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‘A big void’: Kentville mourning loss of recreation mainstay ‘Beaver’ Gary McGinis

Kentville is mourning the loss of recreation mainstay Gary “Beaver” McGinis, who passed away Jan. 8. He worked at both the town’s arena and ballfield, where he befriended all, according to recreation facilities manager Kevin Bennett.
Kentville is mourning the loss of recreation mainstay Gary “Beaver” McGinis, who passed away Jan. 8. He worked at both the town’s arena and ballfield, where he befriended all, according to recreation facilities manager Kevin Bennett. - Contributed

KENTVILLE, N.S. – Many locals are remembering a recreation employee who went above and beyond every day and was a welcoming presence for everyone at the Town of Kentville’s arena and ballfield.

Gary “Beaver” McGinis, known to many simply as “Beav,” passed away Jan. 8 at his home. Kentville facilities manager Kevin Bennett worked with McGinis as his direct supervisor and says losing his co-worker “has left a big void” at the department, where McGinis worked for nearly three decades.

“He always stopped and talked to you, and provided us with something here that’s hard to put a value on,” says Bennett.

McGinis was a recognizable face at both the Kentville Centennial Arena and the town’s Memorial Park, where he worked and maintained the grounds and facilities. His arena shift went from 6:30 p.m. to 12:30 a.m. for the past two decades, and despite repeatedly asking whether he wanted a change, Bennett says McGinis wanted to keep it.

“He always said that he liked those night shifts – he took a keen interest in the work and being around the kids, their parents and the adult recreation,” says Bennett.

Gary McGinis enjoyed his night shifts – he worked at the arena from 6:30 p.m. until after midnight – because they were when he could catch up with hockey players and their families.
Gary McGinis enjoyed his night shifts – he worked at the arena from 6:30 p.m. until after midnight – because they were when he could catch up with hockey players and their families.

Bennett says Beaver’s connection with families and hockey players became cemented during these late shifts, when he would catch up with people in the stands, and kids off the ice.

“He knew adults who’d played as kids at the arena, who now come here with their own kids. It’s become a generational thing – and there was a sense of trust, because we all knew him so well, that we never had to worry about a thing when he was around,” says Bennett, who says McGinis also showed up early for nearly every shift, and never missed one unless sick, or on vacation.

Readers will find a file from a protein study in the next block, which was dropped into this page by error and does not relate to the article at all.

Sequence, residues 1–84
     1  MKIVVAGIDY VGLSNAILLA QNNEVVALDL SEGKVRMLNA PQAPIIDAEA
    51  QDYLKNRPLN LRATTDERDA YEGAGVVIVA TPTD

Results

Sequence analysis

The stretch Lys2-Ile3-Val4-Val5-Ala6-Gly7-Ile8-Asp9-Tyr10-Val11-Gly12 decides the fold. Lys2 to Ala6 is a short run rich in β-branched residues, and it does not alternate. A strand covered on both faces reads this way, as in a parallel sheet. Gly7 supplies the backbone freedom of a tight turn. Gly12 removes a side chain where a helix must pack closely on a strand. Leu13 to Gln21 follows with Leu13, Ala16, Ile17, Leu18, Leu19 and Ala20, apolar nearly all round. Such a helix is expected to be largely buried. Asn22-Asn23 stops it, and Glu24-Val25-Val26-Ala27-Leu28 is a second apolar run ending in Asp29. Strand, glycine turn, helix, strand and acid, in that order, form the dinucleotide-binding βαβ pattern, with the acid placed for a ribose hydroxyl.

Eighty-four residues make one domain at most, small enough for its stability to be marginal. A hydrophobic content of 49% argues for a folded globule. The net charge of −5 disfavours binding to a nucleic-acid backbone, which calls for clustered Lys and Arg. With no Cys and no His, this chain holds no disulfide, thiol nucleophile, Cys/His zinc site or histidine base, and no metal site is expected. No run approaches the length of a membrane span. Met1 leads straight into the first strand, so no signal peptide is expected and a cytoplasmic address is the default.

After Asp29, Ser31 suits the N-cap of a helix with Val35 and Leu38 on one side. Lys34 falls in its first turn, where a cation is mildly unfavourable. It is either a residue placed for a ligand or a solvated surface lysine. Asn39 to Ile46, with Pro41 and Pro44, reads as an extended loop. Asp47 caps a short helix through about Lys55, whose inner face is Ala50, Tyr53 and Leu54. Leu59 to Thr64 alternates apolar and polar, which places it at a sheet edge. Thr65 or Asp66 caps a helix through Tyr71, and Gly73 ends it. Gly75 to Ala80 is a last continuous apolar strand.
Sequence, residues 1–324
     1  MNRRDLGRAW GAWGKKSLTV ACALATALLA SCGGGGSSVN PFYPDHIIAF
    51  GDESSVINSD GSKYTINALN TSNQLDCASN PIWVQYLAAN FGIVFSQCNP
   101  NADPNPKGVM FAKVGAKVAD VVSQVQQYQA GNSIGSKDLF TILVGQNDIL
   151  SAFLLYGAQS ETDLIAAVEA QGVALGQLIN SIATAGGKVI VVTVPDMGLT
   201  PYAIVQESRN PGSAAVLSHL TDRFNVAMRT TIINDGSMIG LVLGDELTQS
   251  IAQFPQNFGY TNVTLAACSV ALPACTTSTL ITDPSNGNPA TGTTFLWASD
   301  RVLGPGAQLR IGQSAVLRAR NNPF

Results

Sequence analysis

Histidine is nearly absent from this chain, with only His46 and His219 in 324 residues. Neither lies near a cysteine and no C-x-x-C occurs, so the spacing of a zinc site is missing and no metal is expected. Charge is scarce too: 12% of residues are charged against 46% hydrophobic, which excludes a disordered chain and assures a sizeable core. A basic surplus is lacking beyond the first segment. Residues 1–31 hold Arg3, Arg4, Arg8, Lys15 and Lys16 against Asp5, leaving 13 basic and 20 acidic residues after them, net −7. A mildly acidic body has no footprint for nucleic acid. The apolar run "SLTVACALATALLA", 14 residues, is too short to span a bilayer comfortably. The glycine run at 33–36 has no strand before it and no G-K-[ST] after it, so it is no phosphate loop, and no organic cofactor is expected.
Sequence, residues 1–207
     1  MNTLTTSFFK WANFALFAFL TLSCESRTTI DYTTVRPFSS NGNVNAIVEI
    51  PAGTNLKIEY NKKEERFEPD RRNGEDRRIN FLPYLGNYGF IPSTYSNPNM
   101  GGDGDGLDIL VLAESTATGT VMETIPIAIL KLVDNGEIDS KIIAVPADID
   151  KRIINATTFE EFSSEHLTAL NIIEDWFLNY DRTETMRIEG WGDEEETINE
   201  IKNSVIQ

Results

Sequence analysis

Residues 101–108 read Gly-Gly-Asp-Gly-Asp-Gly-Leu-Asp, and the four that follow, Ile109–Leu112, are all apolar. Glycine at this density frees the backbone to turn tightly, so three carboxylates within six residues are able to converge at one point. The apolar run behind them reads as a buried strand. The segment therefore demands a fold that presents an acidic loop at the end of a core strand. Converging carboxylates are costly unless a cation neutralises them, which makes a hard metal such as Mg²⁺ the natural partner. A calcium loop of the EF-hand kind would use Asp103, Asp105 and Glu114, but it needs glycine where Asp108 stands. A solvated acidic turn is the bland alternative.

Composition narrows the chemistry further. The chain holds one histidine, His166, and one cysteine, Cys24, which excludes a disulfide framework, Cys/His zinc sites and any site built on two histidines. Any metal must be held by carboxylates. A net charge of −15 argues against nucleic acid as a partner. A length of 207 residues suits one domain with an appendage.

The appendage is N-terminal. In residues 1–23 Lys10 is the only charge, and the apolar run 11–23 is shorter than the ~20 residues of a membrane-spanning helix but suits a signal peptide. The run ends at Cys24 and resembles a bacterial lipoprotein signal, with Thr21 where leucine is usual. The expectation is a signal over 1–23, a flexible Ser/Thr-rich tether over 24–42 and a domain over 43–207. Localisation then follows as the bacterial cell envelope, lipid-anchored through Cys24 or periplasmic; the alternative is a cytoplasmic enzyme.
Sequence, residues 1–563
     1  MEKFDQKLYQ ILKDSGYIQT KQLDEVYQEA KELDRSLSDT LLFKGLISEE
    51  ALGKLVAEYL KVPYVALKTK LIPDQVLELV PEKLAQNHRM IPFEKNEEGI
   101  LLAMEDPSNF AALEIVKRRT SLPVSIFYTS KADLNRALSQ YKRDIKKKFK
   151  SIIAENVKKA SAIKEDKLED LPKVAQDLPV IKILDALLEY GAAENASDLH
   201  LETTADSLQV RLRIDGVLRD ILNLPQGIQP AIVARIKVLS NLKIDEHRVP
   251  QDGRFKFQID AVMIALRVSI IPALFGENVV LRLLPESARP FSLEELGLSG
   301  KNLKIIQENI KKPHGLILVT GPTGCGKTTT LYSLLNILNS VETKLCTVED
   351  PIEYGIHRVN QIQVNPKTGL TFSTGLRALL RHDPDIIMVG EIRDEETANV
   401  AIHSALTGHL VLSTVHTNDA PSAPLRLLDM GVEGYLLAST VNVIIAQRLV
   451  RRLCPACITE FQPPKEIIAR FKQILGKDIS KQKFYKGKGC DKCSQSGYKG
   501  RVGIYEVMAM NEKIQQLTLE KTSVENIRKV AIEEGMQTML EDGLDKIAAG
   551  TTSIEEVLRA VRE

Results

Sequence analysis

“It was a huge comfort from an operational point of view, too, because we knew the building was safe, and taken care of, in his hands.”

Scott Russell has refereed for three decades at the arena, and saw McGinis each week at the Oldtimers matches. He says McGinis treated late-night rink regulars, including him, “like family.”

He saw McGinis at 11 p.m. the night of his passing, as Russell tossed a net Beaver’s way once the hockey game wrapped up.

Russell says a nightly ritual he and others had with McGinis came to mind when he heard of his passing.

“The last thing he said to me was, ‘well another night done – see you Friday.’ And that came to mind because I realized I wouldn’t be seeing him,” says Russell.

Arena referee Scott Russell says Beaver “was always trying to keep things light, and had just enough to say to make you smile.”
Arena referee Scott Russell says Beaver “was always trying to keep things light, and had just enough to say to make you smile.”

“He would always joke with us: ‘you’re in tomorrow night, right?’ he’d say, knowing full-well we weren’t but just wanting a laugh because that was the way he was. He was always trying to keep things light and had just enough to say to make you smile.”

Bennett recalls how McGinis drove Kentville’s princess float to each Apple Blossom Parade “since I can remember,” and his diehard fandom for the Boston Bruins. The obituary penned for McGinis says he “could be seen ‘tormenting’ any fan of the Montreal Canadiens.”

Bennett also remembers McGinis coming up with a creative solution to kids running at the arena by handing out his own bundles of hockey cards to kids if they agreed to slow down.

Bennett says the rink was “full of emotion” Tuesday night as everyone observed a moment of silence for McGinis, and that the loss “is a big one” for his immediate family and extended family within the Town of Kentville.

“The man had his quirks, and had this way about him, he took the time to stop and chit chat and it was just that - just so Beaver. He was funny and effective, and that’s what we’ll take away, most of all.”

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